It is your responsibility to do the necessary background reading to be able to clearly and concisely summarize the work related to your proposal. You must ensure that this summary is complete and that all work discussed in it is relevant to your proposal. Your proposal should be written by you (with your advisor’s input if you want it). Your advisor should proofread what you write and may suggest changes in everything from structure to grammar and spelling. It is your responsibility to make these changes. Typically, the process of refinement and review is iterative. Your goal is to take your advisor’s advice and incorporate it to ensure that your proposal document is as close to perfect as possible. Please resist the urge to submit a proposal before it has been carefully reviewed by your advisor. Remember that review by your advisor is always faster than review by the GSC, which typically takes up to a month from time of submission until you have the report returned to you. Multiple reviews of your proposal by your advisor prior to submission is the norm.
Ultimately, what goes in your proposal is your decision and responsibility though your advisor should assist you in putting it together. Do a good job and take pride in your proposal document. Remember that the quality of your proposal reflects on both you and your advisor and that the GSC will not hesitate to reject a poorly prepared or incomplete proposal and certainly will not accept a proposal until they feel that it is complete, clear and free of presentation problems.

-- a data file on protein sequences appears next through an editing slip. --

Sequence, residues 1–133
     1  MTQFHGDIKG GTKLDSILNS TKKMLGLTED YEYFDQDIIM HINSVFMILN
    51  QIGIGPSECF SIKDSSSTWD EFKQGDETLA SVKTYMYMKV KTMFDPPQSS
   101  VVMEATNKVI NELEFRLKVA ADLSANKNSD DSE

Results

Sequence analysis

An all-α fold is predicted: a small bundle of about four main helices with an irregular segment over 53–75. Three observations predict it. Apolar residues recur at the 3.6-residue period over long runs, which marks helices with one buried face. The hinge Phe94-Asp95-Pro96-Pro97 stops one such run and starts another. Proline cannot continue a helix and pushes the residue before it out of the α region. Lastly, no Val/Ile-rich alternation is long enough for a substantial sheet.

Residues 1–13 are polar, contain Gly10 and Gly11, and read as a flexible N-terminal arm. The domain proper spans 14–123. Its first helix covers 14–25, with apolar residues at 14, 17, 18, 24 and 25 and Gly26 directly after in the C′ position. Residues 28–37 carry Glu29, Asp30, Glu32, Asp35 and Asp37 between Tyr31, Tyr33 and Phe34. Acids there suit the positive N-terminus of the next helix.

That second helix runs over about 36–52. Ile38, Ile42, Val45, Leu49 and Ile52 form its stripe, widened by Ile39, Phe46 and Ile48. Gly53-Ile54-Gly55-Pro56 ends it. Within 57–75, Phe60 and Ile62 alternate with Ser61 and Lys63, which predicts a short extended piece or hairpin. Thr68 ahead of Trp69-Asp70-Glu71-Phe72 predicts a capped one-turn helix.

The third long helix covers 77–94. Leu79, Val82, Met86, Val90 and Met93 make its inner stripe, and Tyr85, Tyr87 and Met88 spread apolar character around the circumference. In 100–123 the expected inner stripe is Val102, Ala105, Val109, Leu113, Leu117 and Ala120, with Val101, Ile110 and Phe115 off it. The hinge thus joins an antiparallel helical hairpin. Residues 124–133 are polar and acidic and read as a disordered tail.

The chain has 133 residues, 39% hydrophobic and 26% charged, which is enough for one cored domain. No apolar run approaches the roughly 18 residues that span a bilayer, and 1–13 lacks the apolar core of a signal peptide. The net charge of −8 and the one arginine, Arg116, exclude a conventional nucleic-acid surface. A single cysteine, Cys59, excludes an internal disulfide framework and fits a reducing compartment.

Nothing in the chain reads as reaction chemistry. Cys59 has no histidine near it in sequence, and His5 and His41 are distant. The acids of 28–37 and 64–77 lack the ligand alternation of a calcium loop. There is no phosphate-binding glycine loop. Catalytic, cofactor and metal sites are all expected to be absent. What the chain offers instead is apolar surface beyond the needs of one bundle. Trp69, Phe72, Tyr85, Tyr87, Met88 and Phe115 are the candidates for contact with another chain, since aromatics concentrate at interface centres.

4. What should be in your proposal?
According to the rules of the Faculty of Graduate Studies (FGS), your thesis must show “mastery” of your selected area of study. (Note that, at the MSc level, it is not necessary to do any original research, though doing some is normal practice within the Department of Computer Science.) Above all else, the topic you describe in your proposal, as well as your presentation of that topic, should also reflect such mastery. The most immediate effect of this is that your proposal must be a complete, self-contained description of your proposed work. Any important details omitted will argue to the GSC against your having mastery of the area. Having said this, the committee realizes that, at the stage of a thesis proposal, it is not possible to have reviewed all background material (and thus have perfect mastery) nor is it possible to be able to present all the details of your proposed work. The GSC will, however, look to see that you have covered reasonable breadth in your review of the area, that your solution methodology is clear and well thought out and that you therefore give the committee confidence that you will have mastery by the time you complete your thesis.
Key components of your thesis proposal include:
An abstract of the proposed work
A clearly specified problem statement (where “problem” is taken in the broadest sense)
An introduction to the problem and your proposed solution
A review of related work describing how it relates to your proposed work (this review is not intended to be exhaustive but rather representative of existing work in the area)
A statement of how you propose to solve your problem including sufficient methodology to convince the committee that your proposed solution is likely to be successful
A description of precisely how you will evaluate the success of your work
Last modified: 27/02/2007
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